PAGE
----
A mechanism to monitor Sri Lanka`s human rights is needed | Times of India
By Sameer Arshad
Interview with Alan Keenan, Sri Lanka Project Director
According to the ICG, how is Sri Lanka`s consolidation of power impacting the process of post-war reconciliation?
There is no process of reconciliation or accountability — the government has made no attempt to remedy the long-standing poli-tical marginalisation of Tamils. It has made it clear it has no intention to devolve meaningful power to Tamil and Muslim areas in the north and east. It has refused to acknowledge the terrible suffering of Tamils and the loss of civilian lives in the last stages of the war, focussing only on the sacrifices of government troops.
Also, it has refused to conduct any independent investigations into alleged war crimes by government and LTTE forces or other violations of human rights suffered by members of all of Sri Lanka`s communities. The further concentration of power in the Rajapaksa family and the executive, achieved through the impeachment of the chief justice, will make reconciliation and accountability even harder.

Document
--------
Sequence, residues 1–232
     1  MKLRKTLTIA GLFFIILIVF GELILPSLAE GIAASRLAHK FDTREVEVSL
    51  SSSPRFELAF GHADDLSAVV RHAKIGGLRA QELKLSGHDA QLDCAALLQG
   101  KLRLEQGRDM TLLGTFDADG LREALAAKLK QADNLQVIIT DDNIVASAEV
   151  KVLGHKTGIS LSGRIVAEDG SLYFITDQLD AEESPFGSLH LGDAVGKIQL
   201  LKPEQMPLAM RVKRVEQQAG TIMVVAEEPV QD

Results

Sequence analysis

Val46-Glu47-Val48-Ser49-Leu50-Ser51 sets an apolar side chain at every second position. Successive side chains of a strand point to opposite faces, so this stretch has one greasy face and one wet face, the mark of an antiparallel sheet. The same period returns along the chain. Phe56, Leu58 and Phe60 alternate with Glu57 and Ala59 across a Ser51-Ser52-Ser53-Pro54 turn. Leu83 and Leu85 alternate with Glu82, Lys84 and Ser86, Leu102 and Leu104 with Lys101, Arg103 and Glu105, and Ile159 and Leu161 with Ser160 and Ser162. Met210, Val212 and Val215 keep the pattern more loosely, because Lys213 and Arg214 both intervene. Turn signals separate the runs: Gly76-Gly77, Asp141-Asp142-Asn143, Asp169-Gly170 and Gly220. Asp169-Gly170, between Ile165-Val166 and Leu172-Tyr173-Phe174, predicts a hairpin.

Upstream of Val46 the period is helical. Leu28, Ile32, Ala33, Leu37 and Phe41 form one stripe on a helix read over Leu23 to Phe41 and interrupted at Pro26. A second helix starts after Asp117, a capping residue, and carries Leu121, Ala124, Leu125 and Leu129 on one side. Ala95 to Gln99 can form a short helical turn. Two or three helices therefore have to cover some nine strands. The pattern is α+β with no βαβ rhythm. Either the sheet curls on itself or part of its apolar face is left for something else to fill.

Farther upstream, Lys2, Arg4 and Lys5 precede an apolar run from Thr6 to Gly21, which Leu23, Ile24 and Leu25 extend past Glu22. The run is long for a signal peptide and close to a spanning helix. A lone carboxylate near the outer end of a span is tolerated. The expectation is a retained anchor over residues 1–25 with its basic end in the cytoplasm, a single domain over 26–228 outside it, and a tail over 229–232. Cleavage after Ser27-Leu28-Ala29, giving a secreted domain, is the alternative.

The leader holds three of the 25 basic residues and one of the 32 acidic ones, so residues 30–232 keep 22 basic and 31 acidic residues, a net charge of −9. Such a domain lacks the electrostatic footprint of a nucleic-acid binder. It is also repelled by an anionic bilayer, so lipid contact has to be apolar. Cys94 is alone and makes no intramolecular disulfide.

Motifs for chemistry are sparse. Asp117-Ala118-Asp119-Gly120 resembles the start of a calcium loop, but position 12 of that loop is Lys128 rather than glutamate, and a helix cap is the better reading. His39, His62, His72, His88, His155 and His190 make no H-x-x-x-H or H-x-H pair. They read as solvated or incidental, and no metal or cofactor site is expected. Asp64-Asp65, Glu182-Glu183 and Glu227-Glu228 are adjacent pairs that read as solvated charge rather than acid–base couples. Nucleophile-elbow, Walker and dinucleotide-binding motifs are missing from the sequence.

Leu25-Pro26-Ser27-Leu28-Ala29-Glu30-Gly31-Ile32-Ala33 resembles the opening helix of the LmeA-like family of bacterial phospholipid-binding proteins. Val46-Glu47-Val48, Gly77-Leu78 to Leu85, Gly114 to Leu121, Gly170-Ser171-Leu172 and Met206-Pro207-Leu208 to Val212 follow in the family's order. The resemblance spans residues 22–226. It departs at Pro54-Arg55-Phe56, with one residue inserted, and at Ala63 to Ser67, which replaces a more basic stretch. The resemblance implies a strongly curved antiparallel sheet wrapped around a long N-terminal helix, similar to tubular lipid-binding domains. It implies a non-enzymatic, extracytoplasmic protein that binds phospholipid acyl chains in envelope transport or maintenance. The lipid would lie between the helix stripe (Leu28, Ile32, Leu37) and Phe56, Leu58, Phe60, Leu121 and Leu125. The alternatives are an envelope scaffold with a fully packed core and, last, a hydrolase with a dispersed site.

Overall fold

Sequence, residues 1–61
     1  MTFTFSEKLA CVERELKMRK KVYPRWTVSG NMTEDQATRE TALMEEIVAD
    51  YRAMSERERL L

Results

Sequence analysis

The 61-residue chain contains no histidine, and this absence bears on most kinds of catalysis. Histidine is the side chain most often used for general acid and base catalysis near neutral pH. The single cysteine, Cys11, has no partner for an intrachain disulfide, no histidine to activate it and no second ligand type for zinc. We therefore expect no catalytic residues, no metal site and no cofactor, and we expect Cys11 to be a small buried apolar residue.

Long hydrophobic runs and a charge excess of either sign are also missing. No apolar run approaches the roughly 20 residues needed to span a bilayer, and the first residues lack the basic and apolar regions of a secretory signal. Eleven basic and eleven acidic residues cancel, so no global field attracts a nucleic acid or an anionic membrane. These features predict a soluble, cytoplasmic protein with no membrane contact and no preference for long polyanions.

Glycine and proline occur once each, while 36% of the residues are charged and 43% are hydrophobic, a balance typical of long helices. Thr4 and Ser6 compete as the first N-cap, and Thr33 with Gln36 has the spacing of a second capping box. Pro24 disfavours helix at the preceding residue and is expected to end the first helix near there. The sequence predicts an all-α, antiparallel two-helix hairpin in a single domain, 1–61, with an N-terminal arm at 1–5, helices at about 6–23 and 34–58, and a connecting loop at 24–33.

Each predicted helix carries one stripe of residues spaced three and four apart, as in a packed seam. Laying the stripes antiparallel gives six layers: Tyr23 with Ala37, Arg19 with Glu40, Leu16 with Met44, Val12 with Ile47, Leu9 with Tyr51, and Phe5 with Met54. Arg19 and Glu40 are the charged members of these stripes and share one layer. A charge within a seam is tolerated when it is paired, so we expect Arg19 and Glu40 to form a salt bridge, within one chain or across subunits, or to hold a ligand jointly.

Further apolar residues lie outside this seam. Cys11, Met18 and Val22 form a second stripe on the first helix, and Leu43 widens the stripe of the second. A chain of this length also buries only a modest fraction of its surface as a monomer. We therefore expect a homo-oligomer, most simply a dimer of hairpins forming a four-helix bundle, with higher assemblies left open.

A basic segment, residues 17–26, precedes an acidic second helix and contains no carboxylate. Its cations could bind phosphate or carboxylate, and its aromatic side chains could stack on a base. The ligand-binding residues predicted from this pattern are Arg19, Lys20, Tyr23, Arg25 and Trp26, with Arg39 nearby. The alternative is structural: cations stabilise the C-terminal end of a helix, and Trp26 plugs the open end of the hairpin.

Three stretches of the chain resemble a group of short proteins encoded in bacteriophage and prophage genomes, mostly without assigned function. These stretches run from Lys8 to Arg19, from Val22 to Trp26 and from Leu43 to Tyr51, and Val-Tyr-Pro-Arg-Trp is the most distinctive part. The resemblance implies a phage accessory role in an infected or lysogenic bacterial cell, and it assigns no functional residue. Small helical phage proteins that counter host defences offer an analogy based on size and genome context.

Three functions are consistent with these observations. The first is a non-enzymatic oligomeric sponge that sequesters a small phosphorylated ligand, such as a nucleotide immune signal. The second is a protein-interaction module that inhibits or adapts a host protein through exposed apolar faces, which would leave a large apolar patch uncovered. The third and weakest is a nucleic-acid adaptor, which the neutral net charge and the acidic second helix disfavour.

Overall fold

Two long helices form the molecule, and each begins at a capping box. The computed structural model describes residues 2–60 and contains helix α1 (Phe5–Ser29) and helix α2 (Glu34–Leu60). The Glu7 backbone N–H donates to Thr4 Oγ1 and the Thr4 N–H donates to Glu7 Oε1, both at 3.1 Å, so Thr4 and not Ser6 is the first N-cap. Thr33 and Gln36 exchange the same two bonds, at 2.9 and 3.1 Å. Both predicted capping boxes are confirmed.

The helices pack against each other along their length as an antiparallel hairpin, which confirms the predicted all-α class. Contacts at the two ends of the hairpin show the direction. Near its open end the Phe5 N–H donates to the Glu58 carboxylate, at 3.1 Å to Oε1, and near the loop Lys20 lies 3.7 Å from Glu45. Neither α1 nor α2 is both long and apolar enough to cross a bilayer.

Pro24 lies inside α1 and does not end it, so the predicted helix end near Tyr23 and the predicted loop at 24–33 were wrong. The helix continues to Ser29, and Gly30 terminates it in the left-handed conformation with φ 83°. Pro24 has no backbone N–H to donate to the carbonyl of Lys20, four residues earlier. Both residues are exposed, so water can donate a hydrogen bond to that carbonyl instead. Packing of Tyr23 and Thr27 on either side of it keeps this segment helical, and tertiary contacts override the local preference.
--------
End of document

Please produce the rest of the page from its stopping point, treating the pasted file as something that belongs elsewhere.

What does such a situation mean for minority rights?
The rights of Tamils and Muslims are under grave threat. Tamils have long suffered from a denial of their collective right to self-rule within a united Sri Lanka as well as from a regular denial of many of their indivi-dual civil and political rights. These problems have continued and, in some ways, grown worse since the end of the war.
Unfortunately, Muslims, generally treated better by the government, have now come under sustained attack by extremist Sinhala Buddhist groups. Unless the government takes decisive action, there is a real danger of communal violence against Muslims.
Photo: Iouri Goussev/Flickr